My daughters and I really enjoyed our time studying U.S. History using this book as our guide this school year.  We would sit down together two or three times a week and take turns reading aloud from A Young People’s History, and our readings always led to interesting discussions, and often to further studies elsewhere.

Highly recommend.

The Importance of Being Little by Erika Christakis

41tG-7btZ+L._SY344_BO1,204,203,200_ The Importance of Being Little: What Preschoolers Really Need from Grownups

by Erika Christakis

Maybe you’ve already seen this hardcover book, released earlier this month, at Barnes & Noble.  I saw it there, both on the “New Releases” table at the front of the store, and in the Parenting/Childcare section.  I’ll take this as an indication that the book is enjoying some decent publicity, and that the publisher hopes to make this a staple in the literary niche pertaining to child rearing and education.  Full disclosure: I received a free copy of this book from a publicist at Viking/Penguin asking me to read and review it, which I agreed to do.  I am not being compensated for this review; these are my genuine thoughts.

Adding to the growing body of research and literature that decries the current state of public/conventional education in the U.S., The Importance of Being Little homes in on preschool and kindergarten.  Drawing on anecdotes from various sources, her own personal experiences as a preschool teacher (and parent), as well as plenty of research, Christakis, who is backed by impressive credentials in the field of child development, methodically explains how modern preschools and kindergarten programs and classrooms are largely counterproductive to how young children actually learn and thrive.  We focus far too much on academics in younger and younger children, overwhelm them with far too much external stimuli, “adultify” them, and fail to trust that children are not only wired, but eager to learn – it need not be directed and forced at such tender ages (I am witnessing this in my own three-year old right now).  What little kids need most in order to cultivate a love of learning is warm, responsive relationships with the adults in their lives (the author is specifically referring to their caregivers and teachers), freedom to be curious and explore, and, really, for grown-ups to get out of the way of their natural inclination to learn joyfully.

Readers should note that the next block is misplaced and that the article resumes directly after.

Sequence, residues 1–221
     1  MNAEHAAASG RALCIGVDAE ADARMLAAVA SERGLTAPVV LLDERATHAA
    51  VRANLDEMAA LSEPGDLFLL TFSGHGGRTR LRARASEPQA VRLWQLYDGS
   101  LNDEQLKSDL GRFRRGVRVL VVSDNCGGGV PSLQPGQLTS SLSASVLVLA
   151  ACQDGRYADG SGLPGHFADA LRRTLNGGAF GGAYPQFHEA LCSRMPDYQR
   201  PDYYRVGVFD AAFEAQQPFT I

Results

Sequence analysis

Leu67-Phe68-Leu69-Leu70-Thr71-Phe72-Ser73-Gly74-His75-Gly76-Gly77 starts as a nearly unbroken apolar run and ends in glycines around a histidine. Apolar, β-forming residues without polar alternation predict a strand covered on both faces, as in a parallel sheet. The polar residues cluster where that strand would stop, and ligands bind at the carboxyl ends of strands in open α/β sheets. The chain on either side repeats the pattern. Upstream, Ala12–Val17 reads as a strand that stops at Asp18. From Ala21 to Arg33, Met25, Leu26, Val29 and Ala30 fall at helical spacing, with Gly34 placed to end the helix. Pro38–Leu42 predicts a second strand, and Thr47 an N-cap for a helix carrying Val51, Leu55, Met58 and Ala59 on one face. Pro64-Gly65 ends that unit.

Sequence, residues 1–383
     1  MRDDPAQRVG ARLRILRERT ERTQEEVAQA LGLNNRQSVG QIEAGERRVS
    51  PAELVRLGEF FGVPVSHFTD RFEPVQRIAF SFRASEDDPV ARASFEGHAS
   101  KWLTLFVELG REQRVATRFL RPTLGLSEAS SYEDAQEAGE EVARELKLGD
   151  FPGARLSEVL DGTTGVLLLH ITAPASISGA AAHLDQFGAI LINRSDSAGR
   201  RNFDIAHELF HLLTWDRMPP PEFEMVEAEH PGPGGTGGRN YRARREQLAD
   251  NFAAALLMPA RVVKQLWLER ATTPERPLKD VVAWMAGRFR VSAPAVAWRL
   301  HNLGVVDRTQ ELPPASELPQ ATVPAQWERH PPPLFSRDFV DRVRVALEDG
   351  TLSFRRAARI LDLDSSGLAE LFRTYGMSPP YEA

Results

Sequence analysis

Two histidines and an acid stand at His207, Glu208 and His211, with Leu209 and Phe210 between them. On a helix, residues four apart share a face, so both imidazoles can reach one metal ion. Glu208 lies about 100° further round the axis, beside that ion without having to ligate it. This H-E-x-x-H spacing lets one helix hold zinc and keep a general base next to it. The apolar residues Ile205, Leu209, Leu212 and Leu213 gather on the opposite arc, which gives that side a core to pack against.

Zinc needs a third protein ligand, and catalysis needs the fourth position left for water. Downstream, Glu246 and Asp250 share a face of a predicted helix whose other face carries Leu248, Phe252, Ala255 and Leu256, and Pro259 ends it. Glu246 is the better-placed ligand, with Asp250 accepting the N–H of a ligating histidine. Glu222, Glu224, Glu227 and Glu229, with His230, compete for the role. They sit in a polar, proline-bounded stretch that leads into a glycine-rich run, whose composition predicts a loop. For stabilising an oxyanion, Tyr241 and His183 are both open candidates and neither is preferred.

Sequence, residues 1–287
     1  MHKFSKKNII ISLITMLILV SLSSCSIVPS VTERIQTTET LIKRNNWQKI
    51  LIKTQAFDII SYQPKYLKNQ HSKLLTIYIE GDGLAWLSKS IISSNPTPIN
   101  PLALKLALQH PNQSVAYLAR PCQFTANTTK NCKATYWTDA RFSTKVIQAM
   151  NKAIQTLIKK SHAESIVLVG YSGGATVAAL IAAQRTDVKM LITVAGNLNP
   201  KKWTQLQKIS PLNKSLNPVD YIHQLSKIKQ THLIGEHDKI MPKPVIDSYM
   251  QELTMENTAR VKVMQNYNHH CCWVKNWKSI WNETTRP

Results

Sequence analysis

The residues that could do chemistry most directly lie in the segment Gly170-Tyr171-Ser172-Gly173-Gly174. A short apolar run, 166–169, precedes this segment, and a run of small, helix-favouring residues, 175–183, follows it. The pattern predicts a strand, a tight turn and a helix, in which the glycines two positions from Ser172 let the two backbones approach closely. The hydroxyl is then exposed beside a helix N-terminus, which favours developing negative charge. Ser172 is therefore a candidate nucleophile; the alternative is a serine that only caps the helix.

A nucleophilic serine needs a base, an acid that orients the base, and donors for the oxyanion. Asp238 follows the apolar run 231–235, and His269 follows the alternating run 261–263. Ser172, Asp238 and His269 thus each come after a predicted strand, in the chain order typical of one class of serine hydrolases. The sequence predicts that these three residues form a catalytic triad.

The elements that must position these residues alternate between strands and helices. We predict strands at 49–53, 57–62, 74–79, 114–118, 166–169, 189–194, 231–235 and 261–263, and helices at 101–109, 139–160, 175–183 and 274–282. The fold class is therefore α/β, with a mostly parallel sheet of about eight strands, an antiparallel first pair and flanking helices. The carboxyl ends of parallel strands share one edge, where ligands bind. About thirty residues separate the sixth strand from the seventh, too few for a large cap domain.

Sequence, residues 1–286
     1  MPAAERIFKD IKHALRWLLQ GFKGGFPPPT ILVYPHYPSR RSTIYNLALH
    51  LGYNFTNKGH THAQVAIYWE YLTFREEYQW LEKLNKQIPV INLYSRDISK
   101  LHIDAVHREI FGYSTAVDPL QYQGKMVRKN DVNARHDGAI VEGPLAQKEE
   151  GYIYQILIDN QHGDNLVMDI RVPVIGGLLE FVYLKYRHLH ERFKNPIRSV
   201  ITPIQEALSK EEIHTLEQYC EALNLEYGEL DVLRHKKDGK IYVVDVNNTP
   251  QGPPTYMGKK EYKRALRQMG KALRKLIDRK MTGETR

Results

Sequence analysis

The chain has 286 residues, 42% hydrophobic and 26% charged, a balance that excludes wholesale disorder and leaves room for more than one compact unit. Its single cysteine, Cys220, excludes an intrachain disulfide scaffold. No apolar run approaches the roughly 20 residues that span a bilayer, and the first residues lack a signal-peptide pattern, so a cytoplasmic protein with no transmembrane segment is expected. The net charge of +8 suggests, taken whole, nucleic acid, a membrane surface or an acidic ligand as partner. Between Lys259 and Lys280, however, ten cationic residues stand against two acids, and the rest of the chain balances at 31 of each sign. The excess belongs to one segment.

This book reminds me very much of Vicki Abeles’s Beyond Measure in its deconstruction of current methods and mindsets, and ideas about innovations and changes that could and should be made to contemporary educational models in order to nurture children’s minds, bodies, and hearts, except that The Importance of Being Little focuses on preschool and kindergarten, while Beyond Measure focuses on older elementary, middle, and high school.  The fact is, though, that there needs to be a major shift in how we do all school.  If an educational revolution doesn’t happen across all grades, we will continue to fail our children.  We can, and should, do better.